Diller Teen Fellows in Pittsburgh; build Jewish identity, leadership

Diller Teen Fellows in Pittsburgh; build Jewish identity, leadership

A group of 19 Israeli teens and their four chaperons have wrapped up a week-long Pittsburgh visit as part of the Diller Teen Fellows North American Seminar.
The visit was part of the extensive, one-year program that brings together 10th and 11th grade Pittsburgh teens with Israeli peers from Pittsburgh’s Partnership 2000 communities of Karmiel and Misgav.
The Israeli teens arrived in Pittsburgh on March 15 and departed on Tuesday, March 23.
Throughout the week, the 37 teens in the two Diller Teen Fellow groups engaged in activities related to building Jewish identity, leadership and community service, and learned about the relationship between Israeli and Diaspora Jews. The Israeli teens were hosted by the Pittsburgh Diller Teen Fellows’ families.
The program’s activities ranged from visits to synagogues and Jewish agencies to group building activities like a High Ropes Course. The teens also participated in topical programs on Israel and on American Judaism, social service in settings like the Kosher Food Pantry and Rainbow Kitchen and an environmental learning program.
The visit concluded with the two groups traveling together to Washington D.C., where they toured as well as participated in more learning programs and community service work.
Founded in 1998, the Diller Teen Fellows Program strives to develop future generations of Jewish leaders committed to the Jewish community, Israel and community service.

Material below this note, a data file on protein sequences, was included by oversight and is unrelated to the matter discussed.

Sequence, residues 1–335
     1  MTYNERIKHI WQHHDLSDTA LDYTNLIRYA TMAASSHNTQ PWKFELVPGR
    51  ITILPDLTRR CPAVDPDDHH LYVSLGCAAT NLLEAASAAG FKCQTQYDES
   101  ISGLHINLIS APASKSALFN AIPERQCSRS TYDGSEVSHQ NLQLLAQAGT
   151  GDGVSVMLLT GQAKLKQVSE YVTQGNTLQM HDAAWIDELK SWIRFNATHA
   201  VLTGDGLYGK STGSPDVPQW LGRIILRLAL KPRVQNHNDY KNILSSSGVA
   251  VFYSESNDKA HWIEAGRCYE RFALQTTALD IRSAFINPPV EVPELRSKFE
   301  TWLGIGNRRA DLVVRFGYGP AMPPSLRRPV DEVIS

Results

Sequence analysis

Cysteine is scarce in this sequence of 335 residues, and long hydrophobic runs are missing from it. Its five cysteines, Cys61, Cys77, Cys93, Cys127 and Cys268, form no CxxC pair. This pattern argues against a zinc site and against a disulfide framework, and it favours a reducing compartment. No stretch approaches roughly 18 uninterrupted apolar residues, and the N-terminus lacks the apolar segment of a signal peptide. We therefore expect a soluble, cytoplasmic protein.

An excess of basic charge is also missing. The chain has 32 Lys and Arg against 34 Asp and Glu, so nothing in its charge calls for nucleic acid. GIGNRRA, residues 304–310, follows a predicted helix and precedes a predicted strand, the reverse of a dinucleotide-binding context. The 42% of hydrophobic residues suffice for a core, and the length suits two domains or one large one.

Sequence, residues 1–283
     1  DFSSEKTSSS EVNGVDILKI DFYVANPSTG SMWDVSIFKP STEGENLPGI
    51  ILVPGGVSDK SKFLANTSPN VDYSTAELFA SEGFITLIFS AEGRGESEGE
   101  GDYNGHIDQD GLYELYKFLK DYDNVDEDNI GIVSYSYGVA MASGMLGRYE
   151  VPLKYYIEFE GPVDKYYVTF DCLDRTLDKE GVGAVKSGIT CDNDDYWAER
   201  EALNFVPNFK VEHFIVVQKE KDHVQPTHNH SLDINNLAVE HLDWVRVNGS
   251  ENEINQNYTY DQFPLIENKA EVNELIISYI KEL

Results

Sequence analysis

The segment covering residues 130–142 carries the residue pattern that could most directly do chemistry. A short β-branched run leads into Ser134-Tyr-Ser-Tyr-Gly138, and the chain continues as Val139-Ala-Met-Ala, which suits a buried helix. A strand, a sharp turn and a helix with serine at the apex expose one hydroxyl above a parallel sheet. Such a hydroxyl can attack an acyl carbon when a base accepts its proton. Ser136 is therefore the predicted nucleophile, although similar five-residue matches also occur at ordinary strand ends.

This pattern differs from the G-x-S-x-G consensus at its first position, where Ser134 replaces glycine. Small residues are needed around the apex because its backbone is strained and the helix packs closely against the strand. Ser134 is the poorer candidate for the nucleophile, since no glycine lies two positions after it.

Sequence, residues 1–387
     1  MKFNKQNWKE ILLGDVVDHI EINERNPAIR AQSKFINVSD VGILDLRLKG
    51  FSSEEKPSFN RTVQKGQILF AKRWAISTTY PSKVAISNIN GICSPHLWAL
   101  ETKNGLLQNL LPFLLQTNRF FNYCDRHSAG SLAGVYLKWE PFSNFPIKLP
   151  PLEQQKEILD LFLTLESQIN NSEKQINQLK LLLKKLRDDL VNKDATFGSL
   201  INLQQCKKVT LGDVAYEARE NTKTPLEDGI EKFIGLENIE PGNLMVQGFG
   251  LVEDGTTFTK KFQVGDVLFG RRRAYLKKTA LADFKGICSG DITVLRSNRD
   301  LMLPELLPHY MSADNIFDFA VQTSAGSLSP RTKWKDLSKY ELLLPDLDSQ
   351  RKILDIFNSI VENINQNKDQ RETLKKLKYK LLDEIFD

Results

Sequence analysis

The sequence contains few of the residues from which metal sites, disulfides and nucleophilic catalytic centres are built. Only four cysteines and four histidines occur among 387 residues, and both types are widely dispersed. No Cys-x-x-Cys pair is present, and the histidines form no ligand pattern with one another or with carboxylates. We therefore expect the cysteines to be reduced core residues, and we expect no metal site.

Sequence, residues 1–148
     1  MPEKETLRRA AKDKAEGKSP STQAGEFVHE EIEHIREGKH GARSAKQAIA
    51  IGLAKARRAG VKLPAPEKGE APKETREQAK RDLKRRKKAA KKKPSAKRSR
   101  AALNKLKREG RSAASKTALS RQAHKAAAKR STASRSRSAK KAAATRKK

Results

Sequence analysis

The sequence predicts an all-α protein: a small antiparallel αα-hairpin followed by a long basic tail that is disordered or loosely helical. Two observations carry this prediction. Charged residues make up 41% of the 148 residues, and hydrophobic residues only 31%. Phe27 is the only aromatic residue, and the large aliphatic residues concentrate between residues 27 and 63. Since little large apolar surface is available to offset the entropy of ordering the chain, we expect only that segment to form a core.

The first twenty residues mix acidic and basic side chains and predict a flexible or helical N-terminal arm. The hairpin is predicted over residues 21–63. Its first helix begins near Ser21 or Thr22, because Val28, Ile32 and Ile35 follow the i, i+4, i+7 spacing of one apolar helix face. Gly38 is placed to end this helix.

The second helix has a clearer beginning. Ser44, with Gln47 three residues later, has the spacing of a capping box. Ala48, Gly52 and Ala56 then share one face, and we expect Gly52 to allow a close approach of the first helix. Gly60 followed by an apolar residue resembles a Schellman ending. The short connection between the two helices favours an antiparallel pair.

Pittsburgh was selected last year to participate in the program. It is managed by the Agency for Jewish Learning, with the participation of the Jewish Community Center and the United Jewish Federation of Pittsburgh.
“Pittsburgh is truly fortunate to be part of the Diller program,” said AJL Director Ed Frim in a prepared statement. “I have been extremely impressed with the caliber of the teens in our local group and their counterparts from Israel.”
The Diller Teens will continue to connect throughout the year to explore relevant issues such as cultural diversity, political attitudes, denominational differences and other topics that allow students to expand their worldview. Each participant is planning a social action project that he or she will implement as part of the program.
The program includes six to eight Sunday workshops, three Shabbaton retreats and a three-week summer seminar in Israel, including the international Diller Jewish Teen Fellows Congress in Jerusalem.